Dear Deborah,

I have a dilemma. My family is expecting me to spend a lot for their Christmas presents.  Although I’d like to do that, our current money situation is tight. Just so you know, in the past we’ve pretty much bought what we wanted on credit. How can we celebrate Christmas and still have holiday harmony? – Catherine

First of all, let’s not forget the true meaning of Christmas. It’s not about the shopping malls (or the shopping mauls the day after Thanksgiving). It’s not about getting caught up in the rush of buying more things. It’s more than gifts and glitter.

Let’s keep Christ in Christmas, remembering God’s gift of His Son extended to all humanity.

As we celebrate the true reason for the season, let’s make this a season of reason. Let’s be fiscally reasonable. We can purchase gifts that fit within the family budget. 

Resolve to pay cash for gifts. Why should we stress and worry about our credit card bills after the holiday season? Do we really want to be saddled with debt that extends into the New Year and beyond? The “borrow now, pay later” philosophy is costly.

The average purchases on credit cards end up costing more than twice as much when they aren’t paid off right away, according to Bankrate.com. Families are discovering that  revolving debt with growing interest is not a great solution. Let’s resolve to spend some of today’s money and not tomorrow’s money on gifts. 

A writer friend says that you know you’ve spent too much on Christmas presents when you use cardboard boxes, wrapping paper and computer manuals to heat your home.

Decide what funds are available for gifts. Write down that dollar amount as a spending limit. Stick to it.

Set realistic expectations with the family. Adjust the family’s expectations now, taking some time to talk with them. Explain the change in your spending plans this year. You’ve recently looked at your budget and you’ve decided what is best for the family.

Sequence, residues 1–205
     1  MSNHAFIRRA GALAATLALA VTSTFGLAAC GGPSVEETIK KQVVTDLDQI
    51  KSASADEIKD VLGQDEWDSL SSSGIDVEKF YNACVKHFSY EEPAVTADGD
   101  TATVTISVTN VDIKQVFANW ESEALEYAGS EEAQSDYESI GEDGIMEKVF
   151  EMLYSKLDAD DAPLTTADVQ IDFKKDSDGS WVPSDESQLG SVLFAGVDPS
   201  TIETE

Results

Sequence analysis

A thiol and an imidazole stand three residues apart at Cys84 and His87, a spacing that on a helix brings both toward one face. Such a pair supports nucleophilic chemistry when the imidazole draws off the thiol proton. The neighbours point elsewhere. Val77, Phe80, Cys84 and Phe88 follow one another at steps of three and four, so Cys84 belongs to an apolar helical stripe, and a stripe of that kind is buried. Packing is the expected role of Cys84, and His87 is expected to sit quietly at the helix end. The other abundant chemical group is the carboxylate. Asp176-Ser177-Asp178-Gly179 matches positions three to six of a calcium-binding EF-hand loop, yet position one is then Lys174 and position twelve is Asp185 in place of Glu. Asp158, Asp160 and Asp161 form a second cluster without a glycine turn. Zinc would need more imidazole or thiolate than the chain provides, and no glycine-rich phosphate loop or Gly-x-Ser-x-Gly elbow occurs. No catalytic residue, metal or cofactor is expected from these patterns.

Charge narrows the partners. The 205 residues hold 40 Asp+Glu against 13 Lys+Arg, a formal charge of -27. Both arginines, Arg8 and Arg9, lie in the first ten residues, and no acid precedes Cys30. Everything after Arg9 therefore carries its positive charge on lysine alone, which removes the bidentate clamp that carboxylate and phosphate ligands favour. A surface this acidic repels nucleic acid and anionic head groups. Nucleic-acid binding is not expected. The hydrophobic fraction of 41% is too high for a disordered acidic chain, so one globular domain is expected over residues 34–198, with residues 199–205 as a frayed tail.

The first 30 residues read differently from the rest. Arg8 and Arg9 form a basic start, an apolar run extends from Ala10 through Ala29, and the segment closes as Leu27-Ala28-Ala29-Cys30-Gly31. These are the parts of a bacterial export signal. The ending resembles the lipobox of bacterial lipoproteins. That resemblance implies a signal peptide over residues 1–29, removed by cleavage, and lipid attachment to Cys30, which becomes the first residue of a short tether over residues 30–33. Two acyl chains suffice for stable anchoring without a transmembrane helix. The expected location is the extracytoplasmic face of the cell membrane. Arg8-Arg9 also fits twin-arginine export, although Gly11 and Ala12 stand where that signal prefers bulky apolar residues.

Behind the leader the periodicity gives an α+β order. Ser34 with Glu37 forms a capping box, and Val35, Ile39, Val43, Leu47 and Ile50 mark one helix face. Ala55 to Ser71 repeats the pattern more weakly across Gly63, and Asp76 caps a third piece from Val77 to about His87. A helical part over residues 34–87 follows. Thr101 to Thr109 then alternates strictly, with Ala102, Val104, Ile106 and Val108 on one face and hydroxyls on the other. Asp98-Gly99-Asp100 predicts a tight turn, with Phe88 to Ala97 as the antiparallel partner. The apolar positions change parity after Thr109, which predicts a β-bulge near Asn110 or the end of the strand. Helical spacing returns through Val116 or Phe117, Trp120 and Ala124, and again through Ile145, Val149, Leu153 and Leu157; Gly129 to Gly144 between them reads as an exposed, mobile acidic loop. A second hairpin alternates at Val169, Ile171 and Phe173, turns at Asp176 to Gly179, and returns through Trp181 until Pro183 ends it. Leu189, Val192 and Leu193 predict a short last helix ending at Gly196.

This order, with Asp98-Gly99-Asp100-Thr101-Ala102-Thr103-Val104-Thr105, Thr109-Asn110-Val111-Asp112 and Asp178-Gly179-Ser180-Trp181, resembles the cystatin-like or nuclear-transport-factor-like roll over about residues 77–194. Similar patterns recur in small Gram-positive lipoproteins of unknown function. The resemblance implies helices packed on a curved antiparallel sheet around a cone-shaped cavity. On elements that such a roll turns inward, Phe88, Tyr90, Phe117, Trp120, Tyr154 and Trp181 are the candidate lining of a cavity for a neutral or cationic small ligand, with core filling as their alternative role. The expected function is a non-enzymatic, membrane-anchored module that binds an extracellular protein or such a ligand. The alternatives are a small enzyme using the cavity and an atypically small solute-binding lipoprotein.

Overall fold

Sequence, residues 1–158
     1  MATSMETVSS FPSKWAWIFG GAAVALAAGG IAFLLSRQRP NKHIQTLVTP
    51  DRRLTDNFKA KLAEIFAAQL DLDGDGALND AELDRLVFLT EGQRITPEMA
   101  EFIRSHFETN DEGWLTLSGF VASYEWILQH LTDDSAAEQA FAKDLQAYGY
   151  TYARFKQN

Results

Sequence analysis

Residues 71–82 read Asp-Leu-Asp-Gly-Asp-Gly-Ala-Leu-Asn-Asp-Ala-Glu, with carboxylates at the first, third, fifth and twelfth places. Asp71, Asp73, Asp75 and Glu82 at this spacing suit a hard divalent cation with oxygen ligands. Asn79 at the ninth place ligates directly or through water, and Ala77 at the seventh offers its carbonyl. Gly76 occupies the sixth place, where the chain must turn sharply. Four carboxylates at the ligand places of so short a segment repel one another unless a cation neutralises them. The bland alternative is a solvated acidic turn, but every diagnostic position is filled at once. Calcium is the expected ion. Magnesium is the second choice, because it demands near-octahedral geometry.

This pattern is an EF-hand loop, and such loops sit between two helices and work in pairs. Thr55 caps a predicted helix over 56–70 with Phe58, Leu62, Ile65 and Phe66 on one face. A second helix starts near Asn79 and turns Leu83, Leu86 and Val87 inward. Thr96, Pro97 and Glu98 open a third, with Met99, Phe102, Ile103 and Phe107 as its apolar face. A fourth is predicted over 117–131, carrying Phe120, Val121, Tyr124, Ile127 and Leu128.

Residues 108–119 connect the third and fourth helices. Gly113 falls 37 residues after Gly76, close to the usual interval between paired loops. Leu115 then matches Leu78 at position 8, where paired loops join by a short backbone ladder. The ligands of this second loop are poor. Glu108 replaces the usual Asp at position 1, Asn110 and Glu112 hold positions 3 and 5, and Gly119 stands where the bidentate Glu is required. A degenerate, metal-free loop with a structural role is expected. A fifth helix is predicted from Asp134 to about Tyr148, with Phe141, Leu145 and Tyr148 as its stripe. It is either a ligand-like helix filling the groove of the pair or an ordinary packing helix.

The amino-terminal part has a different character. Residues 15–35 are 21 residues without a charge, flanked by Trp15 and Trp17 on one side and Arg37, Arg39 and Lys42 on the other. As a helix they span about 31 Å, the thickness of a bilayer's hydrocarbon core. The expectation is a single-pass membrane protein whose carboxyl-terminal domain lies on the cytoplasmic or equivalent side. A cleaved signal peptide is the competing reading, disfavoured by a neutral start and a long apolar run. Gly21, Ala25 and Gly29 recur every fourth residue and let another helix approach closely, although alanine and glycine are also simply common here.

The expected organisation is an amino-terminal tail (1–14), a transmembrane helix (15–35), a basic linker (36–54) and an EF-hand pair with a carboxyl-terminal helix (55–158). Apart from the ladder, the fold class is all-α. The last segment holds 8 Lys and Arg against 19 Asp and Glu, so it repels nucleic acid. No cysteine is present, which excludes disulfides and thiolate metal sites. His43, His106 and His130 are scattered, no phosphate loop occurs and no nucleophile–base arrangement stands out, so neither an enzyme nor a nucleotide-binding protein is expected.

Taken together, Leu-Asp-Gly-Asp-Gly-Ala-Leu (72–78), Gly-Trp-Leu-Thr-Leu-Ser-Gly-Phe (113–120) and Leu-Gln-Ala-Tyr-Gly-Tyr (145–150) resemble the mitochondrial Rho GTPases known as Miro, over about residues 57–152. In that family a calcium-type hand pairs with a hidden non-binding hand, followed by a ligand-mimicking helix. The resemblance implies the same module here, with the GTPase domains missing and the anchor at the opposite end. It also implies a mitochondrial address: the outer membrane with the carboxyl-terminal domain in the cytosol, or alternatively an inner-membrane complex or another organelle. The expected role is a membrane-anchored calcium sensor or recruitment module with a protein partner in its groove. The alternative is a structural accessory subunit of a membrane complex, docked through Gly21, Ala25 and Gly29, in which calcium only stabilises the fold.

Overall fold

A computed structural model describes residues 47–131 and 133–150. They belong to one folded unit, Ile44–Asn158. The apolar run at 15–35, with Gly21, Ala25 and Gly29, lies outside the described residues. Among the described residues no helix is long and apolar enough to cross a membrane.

Make a gift-giving list. Spend to meet the recipients’ needs and wants. When on a limited budget, consider giving children the one thing they really want, instead of many gifts. If necessary, pool funds for that more expensive item. Think of gifts that are useful long-term as well as in the moment. 

Recipients usually think more about whether the gift is thoughtful than its price. A recent study entitled “Money Can’t Buy Love” tends to support this. The paper says that there’s not a substantial link between how much the recipient appreciates the gift and its cost (Journal of Experimental Psychology). 

When you’re finished wrapping the gifts, relax. You’ve been resourceful and stayed in control of your holiday spending. Enjoy the celebrations of the season with your family.

Copyright 2012 Deborah Nayrocker. All rights reserved. Permission to reprint required.

Deborah Nayrocker writes on personal money management topics, showing others how to take control of their financial future. An award-winning writer and columnist, she is the author of The Art of Debt-Free Living and Living a Balanced Financial Life. Her Web site is www.ArtofDebt-FreeLiving.com.

Publication date: December 14, 2012

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